Nirmal: An important step to encourage entrepreneurship is ensuring that the knowledge, education and skills development programs are designed in a manner that equips Sri Lankan’s to be truly world class through creativity and innovation. 

Talal: Changing the attitude towards entrepreneurship is the most crucial above all else as Sri Lanka has developed a culture where most young people are encouraged by their parents to work for corporations instead of becoming entrepreneurs.

 

Q: If you had the power to change (or introduce) one policy or regulation that could dramatically boost entrepreneurship in Sri Lanka, what would that be?

Randhula: A policy framework that enables Sri Lanka be the sandbox for Asia. A framework can be introduced to attract global founders to work with local entrepreneurs in building and testing their products in Sri Lanka before scaling out into the region. This will bring in new knowledge, technology and opportunities to the country while creating healthy competition for industries that needs a breakthrough. In terms of ground level policy initiatives, promoting and enabling public private partnerships is also key.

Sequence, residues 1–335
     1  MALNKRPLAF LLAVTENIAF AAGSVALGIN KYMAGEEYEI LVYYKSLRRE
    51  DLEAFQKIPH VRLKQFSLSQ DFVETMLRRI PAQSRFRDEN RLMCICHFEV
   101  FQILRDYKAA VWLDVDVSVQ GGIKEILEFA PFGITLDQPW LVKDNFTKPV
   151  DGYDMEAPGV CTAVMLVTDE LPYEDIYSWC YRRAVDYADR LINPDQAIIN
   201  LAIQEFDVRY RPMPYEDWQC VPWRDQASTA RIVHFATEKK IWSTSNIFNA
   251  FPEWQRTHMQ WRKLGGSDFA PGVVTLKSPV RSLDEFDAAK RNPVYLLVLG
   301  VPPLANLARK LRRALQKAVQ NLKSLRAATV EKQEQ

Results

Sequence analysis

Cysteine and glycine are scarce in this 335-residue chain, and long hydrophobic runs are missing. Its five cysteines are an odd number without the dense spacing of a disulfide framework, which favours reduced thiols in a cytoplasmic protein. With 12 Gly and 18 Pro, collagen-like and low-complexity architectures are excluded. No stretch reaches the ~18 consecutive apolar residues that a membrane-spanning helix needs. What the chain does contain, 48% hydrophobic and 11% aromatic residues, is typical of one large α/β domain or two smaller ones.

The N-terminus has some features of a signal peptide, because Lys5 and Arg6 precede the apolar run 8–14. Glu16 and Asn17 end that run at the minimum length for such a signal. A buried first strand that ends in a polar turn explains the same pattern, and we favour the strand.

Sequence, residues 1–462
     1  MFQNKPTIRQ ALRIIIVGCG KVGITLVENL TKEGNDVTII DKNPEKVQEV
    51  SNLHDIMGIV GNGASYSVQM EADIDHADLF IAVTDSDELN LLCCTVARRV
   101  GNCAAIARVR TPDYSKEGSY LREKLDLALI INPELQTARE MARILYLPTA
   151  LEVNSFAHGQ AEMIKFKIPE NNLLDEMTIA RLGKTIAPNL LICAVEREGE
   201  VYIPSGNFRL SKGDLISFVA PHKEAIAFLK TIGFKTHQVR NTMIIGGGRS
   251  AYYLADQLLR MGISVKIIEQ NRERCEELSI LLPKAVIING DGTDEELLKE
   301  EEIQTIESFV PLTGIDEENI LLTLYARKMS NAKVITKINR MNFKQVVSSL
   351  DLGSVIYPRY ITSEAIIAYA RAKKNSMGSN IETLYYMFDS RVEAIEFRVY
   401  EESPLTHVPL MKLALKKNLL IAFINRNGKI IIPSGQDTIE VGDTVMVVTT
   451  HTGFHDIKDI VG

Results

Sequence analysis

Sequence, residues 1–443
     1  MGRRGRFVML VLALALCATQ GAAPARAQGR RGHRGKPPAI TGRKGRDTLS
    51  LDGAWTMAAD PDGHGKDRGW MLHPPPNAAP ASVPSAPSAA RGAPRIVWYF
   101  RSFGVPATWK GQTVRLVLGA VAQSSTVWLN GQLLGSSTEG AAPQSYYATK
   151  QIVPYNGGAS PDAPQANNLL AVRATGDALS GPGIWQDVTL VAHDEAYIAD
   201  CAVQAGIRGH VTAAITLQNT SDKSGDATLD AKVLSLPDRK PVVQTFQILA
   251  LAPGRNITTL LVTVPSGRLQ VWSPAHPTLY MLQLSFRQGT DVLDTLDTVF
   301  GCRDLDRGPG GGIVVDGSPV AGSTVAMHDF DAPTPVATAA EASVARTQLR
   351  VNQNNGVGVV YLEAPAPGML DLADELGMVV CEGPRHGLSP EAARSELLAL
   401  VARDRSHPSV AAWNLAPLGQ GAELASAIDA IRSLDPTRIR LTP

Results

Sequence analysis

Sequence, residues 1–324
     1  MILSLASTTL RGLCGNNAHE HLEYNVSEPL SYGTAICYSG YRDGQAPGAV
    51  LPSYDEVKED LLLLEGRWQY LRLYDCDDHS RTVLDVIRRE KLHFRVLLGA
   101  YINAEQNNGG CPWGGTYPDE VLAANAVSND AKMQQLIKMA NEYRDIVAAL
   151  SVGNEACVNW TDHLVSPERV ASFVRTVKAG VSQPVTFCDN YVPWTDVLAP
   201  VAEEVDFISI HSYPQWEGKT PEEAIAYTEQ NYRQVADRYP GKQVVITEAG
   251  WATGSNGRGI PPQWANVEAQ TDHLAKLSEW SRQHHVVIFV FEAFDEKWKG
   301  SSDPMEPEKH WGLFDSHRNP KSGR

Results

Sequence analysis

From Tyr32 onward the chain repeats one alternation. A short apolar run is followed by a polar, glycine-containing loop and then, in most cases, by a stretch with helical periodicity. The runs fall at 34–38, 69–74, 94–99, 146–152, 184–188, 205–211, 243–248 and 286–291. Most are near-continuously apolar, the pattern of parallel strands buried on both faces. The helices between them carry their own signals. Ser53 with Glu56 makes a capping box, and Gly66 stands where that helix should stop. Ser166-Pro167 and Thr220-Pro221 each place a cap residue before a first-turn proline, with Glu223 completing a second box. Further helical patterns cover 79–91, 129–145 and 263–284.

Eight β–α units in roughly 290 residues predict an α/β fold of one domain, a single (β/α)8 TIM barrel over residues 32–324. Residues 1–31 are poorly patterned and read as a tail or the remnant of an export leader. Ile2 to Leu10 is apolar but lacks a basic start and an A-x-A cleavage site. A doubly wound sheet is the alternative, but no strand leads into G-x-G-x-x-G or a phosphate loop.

Fayaz: The lack of a market and the lack of scale to compete with cheap imports is a huge constraint for new businesses. If something like a ‘5x tax credit’ for any company buying from local manufacturer, perhaps based on some priority sectors aligned to future plans, will help ease the burden and help spread the current government income concentration from customs duties to other areas.